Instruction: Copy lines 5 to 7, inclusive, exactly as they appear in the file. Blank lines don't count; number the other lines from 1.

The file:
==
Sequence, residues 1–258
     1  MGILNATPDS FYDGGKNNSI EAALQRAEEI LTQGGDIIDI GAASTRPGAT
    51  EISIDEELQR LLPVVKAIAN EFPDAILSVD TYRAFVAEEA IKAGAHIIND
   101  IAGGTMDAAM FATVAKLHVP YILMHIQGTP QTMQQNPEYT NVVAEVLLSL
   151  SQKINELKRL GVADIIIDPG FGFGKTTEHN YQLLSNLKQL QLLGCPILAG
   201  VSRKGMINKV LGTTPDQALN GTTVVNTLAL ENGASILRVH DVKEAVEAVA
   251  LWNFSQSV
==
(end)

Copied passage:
   151  SQKINELKRL GVADIIIDPG FGFGKTTEHN YQLLSNLKQL QLLGCPILAG
   201  VSRKGMINKV LGTTPDQALN GTTVVNTLAL ENGASILRVH DVKEAVEAVA
   251  LWNFSQSV